Updated: November 26, 2012, 10:37 AM ET

1. Knicks Nab Needed W, But Issues Remain

By Jim Cavan
ESPN.com TrueHoop Network

Weekend matinees in the Garden have tended to be where would-be New York Knicks bounce-backs give way to new lows, at least in seasons past.

But Carmelo Anthony & Co. took care of business Sunday afternoon, snapping a two-game Texas skid with a 121-100 win over the Detroit Pistons and patching at least temporarily some potentially threatening fissures.

A combination of hot shooting and renewed defensive purpose helped spur the Knicks to a 20-point halftime lead, and it looked for a while like Mike Woodson would be able to rest his road-weary starters ahead of Monday night's showdown in Brooklyn -- a make-up of a Nov. 1 game postponed in the wake of Superstorm Sandy.

The Pistons -- buoyed by Brandon Knight (21 points and five assists), Kyle Singler (16 points) and Charlie Villanueva (17) -- managed to keep things interesting, cutting the lead to eight with an 8-0 run to start the third quarter.

AP Photo/Seth WenigKnicks back on track after two straights losses.

That's as close as Lawrence Frank's troops would get, however, as the 'Bockers revitalized touch from long distance (17-for-33 from deep on the afternoon, including a much-needed 5-for-7 outing from Steve Novak) helped blow the doors open down the stretch.

Despite the lopsided score, the game marked the third straight time the Knicks allowed their opponent to crest the century mark. After riding a handful of early blowouts to elite defensive status, teams have quickly become more adept at breaking down the Knicks by drive and back-door feed, to the tune of 100 paint points the past two games (including 46 Sunday).

Luckily, Anthony (29 points on 10-for-18 shooting) came out guns ablazin', hitting his first six shots en route to 15 early points, the third time in four games Melo's tallied as many or more in the opening frame.

The crisp ball movement that defined New York's unlikely 6-0 start -- and that receded somewhat in their past two losses -- was back, to the tune of 24 dimes on 38 field goals made. Key to this was the heady play of Raymond Felton (14 points and 10 assists), J.R. Smith (15 points, 10 rebounds and five dimes in 31 measured minutes) and Jason Kidd, whose pedestrian stat lines (six points, five rebounds, three assists on this occasion) belie the wily vet's indispensible presence at both ends of the floor.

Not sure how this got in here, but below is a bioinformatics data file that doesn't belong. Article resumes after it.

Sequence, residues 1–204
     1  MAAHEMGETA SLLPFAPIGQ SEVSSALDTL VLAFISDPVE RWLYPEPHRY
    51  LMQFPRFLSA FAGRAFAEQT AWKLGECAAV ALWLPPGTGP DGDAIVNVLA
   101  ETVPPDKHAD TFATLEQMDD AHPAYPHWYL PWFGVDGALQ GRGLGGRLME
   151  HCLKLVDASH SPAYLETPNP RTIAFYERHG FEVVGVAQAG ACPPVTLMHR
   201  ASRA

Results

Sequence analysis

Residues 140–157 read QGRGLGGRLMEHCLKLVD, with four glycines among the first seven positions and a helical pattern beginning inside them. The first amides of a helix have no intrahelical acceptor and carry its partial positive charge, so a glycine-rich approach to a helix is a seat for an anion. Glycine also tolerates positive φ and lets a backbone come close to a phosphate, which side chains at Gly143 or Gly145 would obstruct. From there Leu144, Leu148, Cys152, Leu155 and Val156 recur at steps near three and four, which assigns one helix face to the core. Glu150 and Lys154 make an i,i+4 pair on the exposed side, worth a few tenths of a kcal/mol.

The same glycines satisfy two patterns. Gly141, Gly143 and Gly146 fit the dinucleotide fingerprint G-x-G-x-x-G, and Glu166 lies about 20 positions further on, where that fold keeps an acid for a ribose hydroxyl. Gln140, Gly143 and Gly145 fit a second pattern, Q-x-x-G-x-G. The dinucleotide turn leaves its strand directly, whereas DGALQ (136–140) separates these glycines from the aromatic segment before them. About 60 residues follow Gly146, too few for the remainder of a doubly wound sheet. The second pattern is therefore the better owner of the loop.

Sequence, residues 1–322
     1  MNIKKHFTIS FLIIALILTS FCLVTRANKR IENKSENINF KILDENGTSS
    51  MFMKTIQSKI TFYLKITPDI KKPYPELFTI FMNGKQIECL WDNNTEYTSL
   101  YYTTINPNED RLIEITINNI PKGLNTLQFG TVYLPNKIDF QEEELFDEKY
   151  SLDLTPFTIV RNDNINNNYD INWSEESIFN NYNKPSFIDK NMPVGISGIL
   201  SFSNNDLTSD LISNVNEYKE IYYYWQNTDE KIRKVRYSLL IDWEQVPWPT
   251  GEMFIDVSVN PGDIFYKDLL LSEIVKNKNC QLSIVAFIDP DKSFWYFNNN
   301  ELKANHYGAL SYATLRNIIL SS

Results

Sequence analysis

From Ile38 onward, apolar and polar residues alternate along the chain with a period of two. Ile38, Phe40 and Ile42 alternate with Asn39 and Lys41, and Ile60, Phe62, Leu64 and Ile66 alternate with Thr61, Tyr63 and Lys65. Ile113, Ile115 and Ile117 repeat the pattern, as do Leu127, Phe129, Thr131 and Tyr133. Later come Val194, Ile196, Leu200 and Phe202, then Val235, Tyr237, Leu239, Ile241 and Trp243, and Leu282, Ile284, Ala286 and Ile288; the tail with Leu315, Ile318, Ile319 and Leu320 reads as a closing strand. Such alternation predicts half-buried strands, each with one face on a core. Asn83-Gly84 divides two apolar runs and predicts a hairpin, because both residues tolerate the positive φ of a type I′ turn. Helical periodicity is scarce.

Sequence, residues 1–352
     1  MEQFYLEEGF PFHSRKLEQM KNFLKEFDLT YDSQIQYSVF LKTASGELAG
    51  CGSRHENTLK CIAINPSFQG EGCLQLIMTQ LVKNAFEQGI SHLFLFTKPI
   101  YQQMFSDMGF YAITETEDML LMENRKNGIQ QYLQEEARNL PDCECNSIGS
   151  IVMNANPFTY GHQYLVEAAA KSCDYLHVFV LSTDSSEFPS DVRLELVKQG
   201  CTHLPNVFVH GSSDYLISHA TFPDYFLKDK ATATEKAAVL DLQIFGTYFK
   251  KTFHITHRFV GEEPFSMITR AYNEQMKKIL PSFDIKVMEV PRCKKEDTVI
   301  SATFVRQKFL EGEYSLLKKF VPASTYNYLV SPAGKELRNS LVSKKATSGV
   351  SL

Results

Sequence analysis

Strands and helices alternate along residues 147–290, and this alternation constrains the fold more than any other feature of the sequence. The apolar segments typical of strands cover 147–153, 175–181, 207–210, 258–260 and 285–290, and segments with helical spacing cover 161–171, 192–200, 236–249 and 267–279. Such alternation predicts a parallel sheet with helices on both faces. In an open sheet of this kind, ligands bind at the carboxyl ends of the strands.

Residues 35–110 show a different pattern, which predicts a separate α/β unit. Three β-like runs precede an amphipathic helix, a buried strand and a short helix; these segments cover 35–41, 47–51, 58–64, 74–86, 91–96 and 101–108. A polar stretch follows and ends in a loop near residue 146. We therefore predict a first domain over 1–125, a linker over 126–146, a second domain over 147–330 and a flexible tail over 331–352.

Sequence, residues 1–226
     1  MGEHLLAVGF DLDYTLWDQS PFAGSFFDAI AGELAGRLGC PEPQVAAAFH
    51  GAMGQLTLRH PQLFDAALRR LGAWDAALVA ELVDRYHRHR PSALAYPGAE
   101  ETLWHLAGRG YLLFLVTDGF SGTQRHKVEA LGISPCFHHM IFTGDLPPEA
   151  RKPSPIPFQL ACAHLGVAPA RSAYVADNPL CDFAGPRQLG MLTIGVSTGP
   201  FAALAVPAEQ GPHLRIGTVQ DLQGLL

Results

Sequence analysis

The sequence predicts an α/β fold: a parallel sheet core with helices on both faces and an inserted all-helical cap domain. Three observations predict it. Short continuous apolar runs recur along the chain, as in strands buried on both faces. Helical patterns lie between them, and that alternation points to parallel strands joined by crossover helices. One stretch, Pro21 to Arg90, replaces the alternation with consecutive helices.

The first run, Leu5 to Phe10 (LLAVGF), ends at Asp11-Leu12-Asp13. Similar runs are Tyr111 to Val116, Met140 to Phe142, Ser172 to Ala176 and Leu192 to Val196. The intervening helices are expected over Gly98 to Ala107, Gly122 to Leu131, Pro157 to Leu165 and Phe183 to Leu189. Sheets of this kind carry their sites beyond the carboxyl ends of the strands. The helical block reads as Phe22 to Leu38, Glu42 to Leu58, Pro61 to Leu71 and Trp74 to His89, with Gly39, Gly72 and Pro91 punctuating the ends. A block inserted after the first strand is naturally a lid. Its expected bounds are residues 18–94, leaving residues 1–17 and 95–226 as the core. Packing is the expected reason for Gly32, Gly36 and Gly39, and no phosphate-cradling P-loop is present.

Still, the quick kicks and swings seemed at times borne more out of timely convenience than strategic necessity. Indeed, while Anthony continues to impress with a more discerning shot selection, his half-dozen turnovers -- that makes 20 in the past three games -- hints at old narratives of offensive stagnation threatening to bubble to the surface.

The Knicks will and should ride Anthony's hot hand while they can. That's not merely a basketball truism; it's how the team has been constructed. But it will be up to Woodson to assure that Melo's inevitable cooling off -- both during games and in the ebb and flow of the season -- doesn't come at the expense of efficiency. (The team finished the day ranked second in the league in offensive production.)

There's also the matter of rebounding, something New York (out-boarded 38-37 by Detroit) has lately found something of a struggle. It's not as though the Knicks lack the requisite size to compete on the glass; Tyson Chandler, Rasheed Wallace, Marcus Camby and Anthony have all put up solid numbers thus far, and contrary to popular belief the team is giving one of the lowest offensive rebounding rates (10.5 per game) in the league. Rather, it's in opponent defensive rebounding (33.1 per game -- second worst only to Philadelphia), and the resulting lack of second-chance opportunities, where the Knicks have thus far been anemic.

But no talk of the Knicks' recent mini-skid would be complete without crossing the T -- as in technical foul, something the orange and blue have invited with animated aplomb all season long.

Sheed -- jealous perhaps of Anthony's early-season lead -- picked up his second T of the season during a Villanueva second-quarter free throw attempt. That brought the Knicks' season total to a league-leading 12, eight of which belong to Carmelo Anthony (five) and Mike Woodson (three). Not exactly what you'd expect from a team off to its best start in nearly two decades.

It remains to be seen whether such ref baiting will morph from early anomaly to full-blown pandemic. But if the Knicks hope to garner Heat- or Celtic-level whistle love, they must do a better job of picking their battles, particularly when Anthony -- fast learning the flip-side of playing the 4 -- isn't getting the calls.

For the next 24 hours anyway, the Knicks managed to stop the bleeding. Now it's off across the East River to the Barclays Center, where the Atlantic Division's top two teams will square off in a much-anticipated Monday night tilt. Platitudes of measuring sticks aside, it will be as good an opportunity as any for the Knicks to show they have a handle on the cracks in their foundation, and the recipe necessary to seal them.

Jim Cavan's work appears regularly on Knickerblogger

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